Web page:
Water, water, everywhere, nor any drop to drink

Water, water, everywhere, nor any drop to drink

Inertia with state-owned land is exacerbating Ireland’s housing crisis, argues housing commentator and architect Mel Reynolds, in spite of the state possessing enough zoned land to make a major dent in solving the problem.

This article was originally published in issue 25 of Passive House Plus magazine. Want immediate access to all back issues and exclusive extra content? Click here to subscribe for as little as €10, or click here to receive the next issue free of charge

One is reminded of the Rime of the Ancient Mariner when listening to housing discussions.

There are a number of popular narratives, most borrowed from abroad. “Planning is the problem... high standards are making development unfeasible... we need smaller apartments...” etc.

Analysis is frequently inconclusive and most of the above statements, if incorporated as policy, in many cases will further inflate land values.

Increasing new home supply does not necessarily cause prices to drop (i.e. there is no causation), and household sizes are increasing. In November 2017, the Society of Chartered Surveyors estimated that 35% of a typical apartment sales price is land value and developer’s profit; minor proposed apartment standards cost savings will have little effect.

Table 1

Planning is not the problem – statutory processes are clearly defined and anyone involved in the industry knows how long planning takes, and programmes accordingly.

The much talked about ‘fast track’ planning process introduced last year saves just four weeks off standard timescales.

There is talk of a land bubble. Private equity has piled into the land market in recent years.

Speculative land hoarding is a feature of the Irish property market (aided by tax breaks) and for those who purchased in the downturn, paper profits have been impressive.

Much industry sentiment is based on the ‘myth of scarcity’ – how planning restrictions on residential zoned land is driving up prices and making development unfeasible, a common thread in US housing discussions.

But is development land scarce?

Residential land availability survey

The Residential Land Availability Survey is published by the Department of Housing, Planning and Local Government and records all residential zoned land in the state, county by county. In 2015, the figure for zoned land included in current development plans (so-called stage 2) was 17,345 Ha, which had a capacity for 414,712 dwellings nationwide.

Figures for land which could be zoned in future development plans (stage 1) are even higher – 27,263 Ha with a capacity for 611,302 homes.

The amount of land currently zoned residential in Co Dublin is 2,645 Ha, with a capacity for 116,705 dwellings.

To put this abundance in context, compare the figure of land available to the number of homes completed and registered in 2017 on the National BER Research Tool database (less than 10,000, as reported in the previous issue of PH+), the most accurate indicator of house-building activity at present. Nationwide, and in Dublin, there is currently enough zoned land for over forty years at current build levels. The abundance of zoned land compared to housing output is even more pronounced in other areas such as Cork City and county.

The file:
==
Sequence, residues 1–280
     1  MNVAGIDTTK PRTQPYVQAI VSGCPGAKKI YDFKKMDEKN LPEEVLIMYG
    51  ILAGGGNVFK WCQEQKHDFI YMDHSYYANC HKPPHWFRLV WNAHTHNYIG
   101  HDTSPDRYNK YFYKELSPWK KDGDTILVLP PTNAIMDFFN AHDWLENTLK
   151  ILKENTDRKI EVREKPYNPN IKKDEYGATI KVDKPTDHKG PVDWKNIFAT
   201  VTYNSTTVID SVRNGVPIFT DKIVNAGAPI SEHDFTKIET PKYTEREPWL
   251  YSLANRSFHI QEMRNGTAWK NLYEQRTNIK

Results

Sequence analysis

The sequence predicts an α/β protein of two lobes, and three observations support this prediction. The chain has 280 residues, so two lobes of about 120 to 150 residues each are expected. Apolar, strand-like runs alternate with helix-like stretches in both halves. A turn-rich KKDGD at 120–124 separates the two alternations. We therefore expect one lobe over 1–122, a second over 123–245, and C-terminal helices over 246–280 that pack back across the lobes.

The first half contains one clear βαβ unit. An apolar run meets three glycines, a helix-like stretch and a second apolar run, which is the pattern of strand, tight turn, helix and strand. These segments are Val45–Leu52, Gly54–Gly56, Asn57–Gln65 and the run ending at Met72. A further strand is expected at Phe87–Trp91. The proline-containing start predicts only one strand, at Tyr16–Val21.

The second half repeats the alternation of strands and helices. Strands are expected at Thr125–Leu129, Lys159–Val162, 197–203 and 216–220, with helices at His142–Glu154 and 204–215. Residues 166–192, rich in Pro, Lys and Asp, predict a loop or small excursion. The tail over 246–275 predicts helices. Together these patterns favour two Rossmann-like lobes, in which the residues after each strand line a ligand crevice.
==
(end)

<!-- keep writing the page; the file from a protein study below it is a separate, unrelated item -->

Rebuilding Ireland's housing land map

Table 2

The lack of public housing activity has given rise to calls for a new state agency to compulsory purchase land. Do we need this?

Rebuilding Ireland’s Housing Land Map was launched by former housing minister Simon Coveney in April 2017 and is an interactive map showing 700 locations of residential zoned land owned by local authorities (200 Ha is owned separately and in addition by the Housing Agency). At the official launch, department officials noted that this represented only a portion of the land owned by local authorities and excludes other lands in the ownership of the Housing Agency and other state organisations.

Remarkably, local authorities own enough zoned land to accommodate a minimum of 38,000 dwellings – in Co Dublin enough for 19,000 dwellings.

In an 18-month period, from 2016 to Q2 2017, local authorities built 440 dwellings – including 170 in Co Dublin. There is enough publicly owned zoned residential land to last forty years at output levels.

Data from other sources confirms that local authority-owned land is in fact a multiple of these figures. The full extent of local authority land ownership has yet to be confirmed, but initial estimates put it as high as 20% of all residential zoned land in some locations. No scarcity here.

Fingal County Council built 78 homes in the past three years, yet owns enough land to construct thousands of homes. The lack of official ambition for state-owned land appears systemic and suggests that low local authority build levels is official Department of Housing policy.

There is no drought

Table 3

Recent experience has seen when the state partners up with co-operatives the results can be impressive – affordable family homes for sale for below €190,000 in Co Dublin.

As affordability continues to deteriorate in the rental and sales sectors, it is inevitable that officials will be forced to start actively managing state-owned land to provide affordable housing and public housing.

The question is how long will officials be let hoard the considerable land banks under their control before public opinion demands action?

However, for now it looks like speculative land positions are secure in the face of continued official inertia.

The industry (and shareholders) should take note – when it comes to development land, there is no drought. The balloon that lifts you up can very quickly become the weight that drags you down.

Last modified on Friday, 10 August 2018 08:55

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